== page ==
Washington Legislators Consider Statewide Native American Voting Rights Act
A bill in the Washington Senate seeks to improve voting rights for Native Americans.
The Native American Voting Rights Act is sponsored by John McCoy, the only tribal member in the state Senate.
“On tribal elections, turnout is really high,” McCoy said during a hearing on his bill Wednesday. “It’s in the 80, 85 percent (range) in tribal elections, but when it comes to the off-reservation elections, it’s down there with what the general public is doing in the low 30’s (to) 25 percent.”
McCoy, a Democrat from Tulalip, says voting needs to be easier for tribal members. The proposed bill would allow tribal members to use their tribal ID cards for voter registration, and they would be able to use non-traditional residential addresses in that process. Tribes could also request the governor designate state facilities on reservations for voter registration. It also addresses ballot pickup and return procedures on reservations.
A companion bill in the state House has been proposed by Rep. Debra Lekanoff, a Democrat and tribal member whose district includes Bellingham and the San Juan Islands.
During the Senate committee hearing, Jacqueline DeLeon presented findings from a study by the Native American Rights Fund. DeLeon, an Attorney with NARF, told the State Government, Tribal Relations and Elections Committee there are a number of barriers to voting rights for Native Americans.
“I don’t think it comes as any surprise to anybody that Native Americans largely live in remote areas,” she said.
Isolation was one among a long list of what DeLeon deemed barriers that keep Native Americans from voting. DeLeon also made recommendations to lawmakers.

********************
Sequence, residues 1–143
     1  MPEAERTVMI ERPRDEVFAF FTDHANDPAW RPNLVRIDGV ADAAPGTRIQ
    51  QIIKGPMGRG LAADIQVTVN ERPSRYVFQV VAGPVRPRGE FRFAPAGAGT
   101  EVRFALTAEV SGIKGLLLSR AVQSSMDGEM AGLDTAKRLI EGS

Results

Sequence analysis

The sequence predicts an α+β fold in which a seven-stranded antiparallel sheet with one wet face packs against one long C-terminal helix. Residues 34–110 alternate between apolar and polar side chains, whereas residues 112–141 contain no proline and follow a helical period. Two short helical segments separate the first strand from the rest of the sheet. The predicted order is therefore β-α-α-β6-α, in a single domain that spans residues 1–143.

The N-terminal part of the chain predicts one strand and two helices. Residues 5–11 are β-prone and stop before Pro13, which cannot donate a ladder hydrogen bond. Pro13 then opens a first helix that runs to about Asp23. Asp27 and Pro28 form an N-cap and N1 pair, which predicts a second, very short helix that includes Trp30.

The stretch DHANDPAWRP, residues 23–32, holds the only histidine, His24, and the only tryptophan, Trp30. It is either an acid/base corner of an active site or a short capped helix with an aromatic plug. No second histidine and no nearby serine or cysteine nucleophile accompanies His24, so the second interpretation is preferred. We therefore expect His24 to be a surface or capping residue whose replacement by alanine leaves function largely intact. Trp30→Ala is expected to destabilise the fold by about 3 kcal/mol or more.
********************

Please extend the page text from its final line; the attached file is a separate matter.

“You know, overt overtures to Native populations welcoming them into the voting process I think goes a long way,” she said. “Saying that ‘you are welcome to participate in this system, you are encouraged to vote in this system,’ I think is something that Natives don’t often hear.”
According to the National Congress of American Indians, turnout for registered Native American voters ranges from 5 to 14 percentage points lower compared to any other racial and ethnic group in the U.S.
Yakima County is being sued over how it runs elections. In a lawsuit filed Monday, plaintiffs argue the current at-large voting system dilutes Latinx votes. That would violate the Washington State Voting Rights Act. A 2012 lawsuit against the city of Yakima claimed a similar disenfranchising voting system. Federal courts agreed in that case. Continue Reading Déjà Vu All Over Again: Suit Alleges Latinx Voters Disenfranchised By Yakima County Election System
A proposal to change Yakima’s form of government by replacing the city manager with an elected mayor is off the table — at least for now. City council members voted Tuesday to remove the measure from the February ballot hours after two lawsuits were filed by a coalition of civil rights organizations. Continue Reading Yakima City Council Pulls Strong-Mayor Proposal From Ballot Hours After Opponents File Lawsuits
Yakima’s next council will likely be different. Only two Latina candidates ran for office this year, and just one has a lead — a narrow one — over her opponent. Yakima’s population is nearly half Latinx.
Continue Reading As Yakima Loses Latinx Representation On City Council, Organizers Wonder What Happened